Higher education braces for the worst in debt ceiling fight

Higher education is biting its nails watching the debt ceiling timer tick down in Washington. Colleges and universities are working in the background on contingency plans if the United States defaults, a scenario that would lead to consequences experts say even they can’t fully comprehend, writes Lexi Lonas for The Hill.

While the schools won’t immediately shut down when the debt limit is reached, they will lose significant funding from the federal government, and students will not receive the aid they need, in some cases, to stay in class.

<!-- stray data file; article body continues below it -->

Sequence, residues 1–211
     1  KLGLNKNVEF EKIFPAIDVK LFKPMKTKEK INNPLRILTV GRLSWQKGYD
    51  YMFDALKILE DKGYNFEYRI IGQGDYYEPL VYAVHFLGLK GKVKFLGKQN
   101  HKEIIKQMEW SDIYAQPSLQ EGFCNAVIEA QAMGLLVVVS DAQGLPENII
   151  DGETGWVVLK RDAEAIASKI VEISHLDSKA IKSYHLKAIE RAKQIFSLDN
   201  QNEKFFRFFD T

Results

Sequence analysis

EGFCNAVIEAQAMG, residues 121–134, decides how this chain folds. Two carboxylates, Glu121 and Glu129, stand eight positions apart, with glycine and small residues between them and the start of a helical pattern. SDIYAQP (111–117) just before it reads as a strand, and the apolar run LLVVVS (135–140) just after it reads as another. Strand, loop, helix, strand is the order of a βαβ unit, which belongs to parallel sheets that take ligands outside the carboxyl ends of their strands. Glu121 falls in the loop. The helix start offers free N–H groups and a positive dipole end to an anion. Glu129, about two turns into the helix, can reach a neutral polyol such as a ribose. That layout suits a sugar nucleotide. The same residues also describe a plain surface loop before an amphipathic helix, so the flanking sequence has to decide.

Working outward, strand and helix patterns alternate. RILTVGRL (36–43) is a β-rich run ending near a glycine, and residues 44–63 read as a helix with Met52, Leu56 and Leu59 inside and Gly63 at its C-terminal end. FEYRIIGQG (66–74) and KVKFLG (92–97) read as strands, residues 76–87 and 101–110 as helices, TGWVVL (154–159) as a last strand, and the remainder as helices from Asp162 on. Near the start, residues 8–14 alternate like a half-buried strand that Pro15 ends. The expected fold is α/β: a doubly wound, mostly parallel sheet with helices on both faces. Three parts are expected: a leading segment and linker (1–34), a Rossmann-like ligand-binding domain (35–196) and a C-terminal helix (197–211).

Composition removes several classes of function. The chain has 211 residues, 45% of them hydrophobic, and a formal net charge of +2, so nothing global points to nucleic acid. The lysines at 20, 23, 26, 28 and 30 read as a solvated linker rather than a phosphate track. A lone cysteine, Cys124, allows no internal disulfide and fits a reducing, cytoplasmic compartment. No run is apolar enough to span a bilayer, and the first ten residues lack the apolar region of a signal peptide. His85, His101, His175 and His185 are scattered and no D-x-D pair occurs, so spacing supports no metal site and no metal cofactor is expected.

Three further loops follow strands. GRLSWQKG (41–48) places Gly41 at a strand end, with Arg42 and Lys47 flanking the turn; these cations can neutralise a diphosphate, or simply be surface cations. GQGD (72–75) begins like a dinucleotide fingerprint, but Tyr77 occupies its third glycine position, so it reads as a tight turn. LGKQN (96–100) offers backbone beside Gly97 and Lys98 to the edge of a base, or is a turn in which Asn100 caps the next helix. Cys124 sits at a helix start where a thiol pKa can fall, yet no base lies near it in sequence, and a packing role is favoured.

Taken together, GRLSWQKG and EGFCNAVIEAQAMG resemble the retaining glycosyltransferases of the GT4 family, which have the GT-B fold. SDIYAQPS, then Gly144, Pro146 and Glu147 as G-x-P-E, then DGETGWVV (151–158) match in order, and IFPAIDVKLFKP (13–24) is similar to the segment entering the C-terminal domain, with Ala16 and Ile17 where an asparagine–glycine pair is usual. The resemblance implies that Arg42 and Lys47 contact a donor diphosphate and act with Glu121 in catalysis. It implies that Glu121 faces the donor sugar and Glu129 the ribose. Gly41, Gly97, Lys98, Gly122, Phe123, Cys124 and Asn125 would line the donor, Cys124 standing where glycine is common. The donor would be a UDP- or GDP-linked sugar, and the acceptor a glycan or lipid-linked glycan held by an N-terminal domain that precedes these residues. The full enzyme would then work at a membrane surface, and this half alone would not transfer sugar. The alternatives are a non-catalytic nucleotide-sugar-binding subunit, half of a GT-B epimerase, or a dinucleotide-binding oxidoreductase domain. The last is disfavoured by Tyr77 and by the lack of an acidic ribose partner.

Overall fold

“Unfortunately, in the last several years, colleges and universities and financial aid offices have gotten used to a political game of chicken in Washington, DC, and the potential for federal shutdowns, but this one is just a little bit different,” said Justin Draeger, president of the National Association of Student Financial Aid Administrators. “We use the word unprecedented a lot in Washington, DC, but this truly is one of those unprecedented times, and we would expect major disruptions to federal student aid if we hit the debt ceiling,” he added.
Full report on the AOL site